Home Indiana Agriculture News Cover Crops to the Rescue after Wet and Flooding

Cover Crops to the Rescue after Wet and Flooding

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Fisher on cover crops

wet field Putnam CountyThe benefits of cover crops were discussed frequently last year because of drought, and now this year their benefit can come into play for fields that might not get planted because of heavy rains and flooding. Indiana farmers with unplanted fields are being encouraged to weigh program and prevented planting insurance options but also the opportunity cover crops bring for a more productive field.

Barry Fisher is State Soil Health Specialist with the Indiana Natural Resources Conservation Service.

“We’ve had everything from the fields being damaged from the excess water to a situation where a lot of the nutrients had already been applied to the field and now we don’t get to plant that field. The cover crop can add some repair mechanisms. We’ve had a lot of water but they can really help trap those nutrients so that we don’t lose those through the rest of the year.”

He adds, “If we can keep them in place that’s nutrients that aren’t going down the waterways but at the same time we’ve bought those expensive nutrients and we need to keep them on the farm for subsequent crop.”

Fisher says now is a good time to begin strategizing the various cover crop options for the varied needs of each farm.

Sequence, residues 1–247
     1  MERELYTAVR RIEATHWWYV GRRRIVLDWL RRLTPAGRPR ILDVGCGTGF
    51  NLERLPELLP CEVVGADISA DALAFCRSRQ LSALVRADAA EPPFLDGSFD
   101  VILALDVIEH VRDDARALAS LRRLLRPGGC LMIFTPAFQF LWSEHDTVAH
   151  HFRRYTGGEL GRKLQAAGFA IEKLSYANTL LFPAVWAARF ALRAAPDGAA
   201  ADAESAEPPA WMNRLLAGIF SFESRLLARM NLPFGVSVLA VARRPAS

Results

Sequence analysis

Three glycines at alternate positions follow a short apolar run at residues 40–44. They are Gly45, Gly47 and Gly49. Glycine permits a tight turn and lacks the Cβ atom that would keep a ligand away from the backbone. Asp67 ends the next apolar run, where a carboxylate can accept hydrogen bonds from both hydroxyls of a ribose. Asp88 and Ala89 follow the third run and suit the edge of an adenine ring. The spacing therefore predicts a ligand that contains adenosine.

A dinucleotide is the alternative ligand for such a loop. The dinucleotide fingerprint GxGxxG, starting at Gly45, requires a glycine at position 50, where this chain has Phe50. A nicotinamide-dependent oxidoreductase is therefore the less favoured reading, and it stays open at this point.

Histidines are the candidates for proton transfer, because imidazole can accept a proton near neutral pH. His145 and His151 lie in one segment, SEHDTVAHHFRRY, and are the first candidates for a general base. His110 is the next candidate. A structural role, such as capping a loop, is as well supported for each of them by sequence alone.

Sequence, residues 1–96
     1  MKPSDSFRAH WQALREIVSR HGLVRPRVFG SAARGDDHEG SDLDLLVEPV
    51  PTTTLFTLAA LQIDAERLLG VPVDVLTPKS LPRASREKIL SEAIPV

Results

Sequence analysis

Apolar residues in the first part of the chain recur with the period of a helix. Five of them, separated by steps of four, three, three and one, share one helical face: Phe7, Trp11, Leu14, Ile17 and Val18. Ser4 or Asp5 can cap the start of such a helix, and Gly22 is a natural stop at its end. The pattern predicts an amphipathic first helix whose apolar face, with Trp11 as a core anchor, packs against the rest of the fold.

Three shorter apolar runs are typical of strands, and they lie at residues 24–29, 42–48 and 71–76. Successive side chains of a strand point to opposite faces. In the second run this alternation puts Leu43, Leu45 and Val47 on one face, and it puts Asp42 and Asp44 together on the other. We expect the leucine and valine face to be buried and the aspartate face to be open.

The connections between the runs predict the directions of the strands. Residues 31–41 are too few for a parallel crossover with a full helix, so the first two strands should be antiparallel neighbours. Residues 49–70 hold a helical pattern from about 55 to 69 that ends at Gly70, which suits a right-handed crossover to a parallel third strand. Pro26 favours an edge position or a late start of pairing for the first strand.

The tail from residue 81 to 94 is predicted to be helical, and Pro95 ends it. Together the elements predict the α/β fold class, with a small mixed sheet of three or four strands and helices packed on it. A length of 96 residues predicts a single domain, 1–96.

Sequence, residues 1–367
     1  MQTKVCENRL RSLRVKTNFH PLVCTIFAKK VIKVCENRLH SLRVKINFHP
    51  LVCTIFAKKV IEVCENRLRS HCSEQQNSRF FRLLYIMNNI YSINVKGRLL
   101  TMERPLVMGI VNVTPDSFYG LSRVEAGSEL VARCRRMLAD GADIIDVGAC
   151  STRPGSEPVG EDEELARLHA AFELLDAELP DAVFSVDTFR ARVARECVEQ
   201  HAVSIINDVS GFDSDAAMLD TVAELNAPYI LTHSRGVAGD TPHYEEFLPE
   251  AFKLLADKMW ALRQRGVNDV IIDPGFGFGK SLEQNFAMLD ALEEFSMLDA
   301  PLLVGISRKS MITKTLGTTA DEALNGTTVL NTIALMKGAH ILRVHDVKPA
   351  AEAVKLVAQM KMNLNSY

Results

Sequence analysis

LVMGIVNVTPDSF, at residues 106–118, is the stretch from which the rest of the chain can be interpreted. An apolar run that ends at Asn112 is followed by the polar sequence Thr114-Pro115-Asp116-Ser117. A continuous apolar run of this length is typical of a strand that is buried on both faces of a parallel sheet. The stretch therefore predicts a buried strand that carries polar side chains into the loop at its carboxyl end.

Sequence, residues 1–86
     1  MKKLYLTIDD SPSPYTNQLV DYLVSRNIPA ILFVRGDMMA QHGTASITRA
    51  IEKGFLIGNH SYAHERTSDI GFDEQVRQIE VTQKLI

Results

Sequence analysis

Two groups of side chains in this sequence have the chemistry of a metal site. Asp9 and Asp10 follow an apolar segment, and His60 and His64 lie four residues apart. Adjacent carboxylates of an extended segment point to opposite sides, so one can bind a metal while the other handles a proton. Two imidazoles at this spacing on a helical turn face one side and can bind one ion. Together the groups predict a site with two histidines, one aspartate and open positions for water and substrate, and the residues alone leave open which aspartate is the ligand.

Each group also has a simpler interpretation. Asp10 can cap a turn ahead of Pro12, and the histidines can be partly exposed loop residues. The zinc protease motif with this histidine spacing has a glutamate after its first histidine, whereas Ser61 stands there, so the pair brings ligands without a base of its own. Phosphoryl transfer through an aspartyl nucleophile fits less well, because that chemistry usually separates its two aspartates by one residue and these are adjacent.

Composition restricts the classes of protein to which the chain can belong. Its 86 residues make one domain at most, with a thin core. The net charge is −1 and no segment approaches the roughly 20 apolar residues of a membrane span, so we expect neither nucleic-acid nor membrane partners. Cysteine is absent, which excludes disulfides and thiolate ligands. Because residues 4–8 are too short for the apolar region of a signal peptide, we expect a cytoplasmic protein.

“Decide what are the greatest resource concerns you have. If it’s trapping nutrients there are mixes that we’ve put together on the Midwest Cover Crop Council that are best at sequestering nutrients. Some are better for erosion control. There are mixes that might be better for weed control. You also don’t want that field to be overtaken the rest of the year with weeds, but at the same time maybe you don’t want to be out there spraying or cultivating that field all summer long to keep the weeds down. The cover crop can be a great way to keep those weeds at bay.”

The resources for farmers include Certified Crop Advisors, extension agents and local district conservationists, and Fisher says there is much more knowledge now available than there was just a few years ago.

Contact your local USDA NRCS office for help.

(Photo by Barry Fisher, USDA NRCS)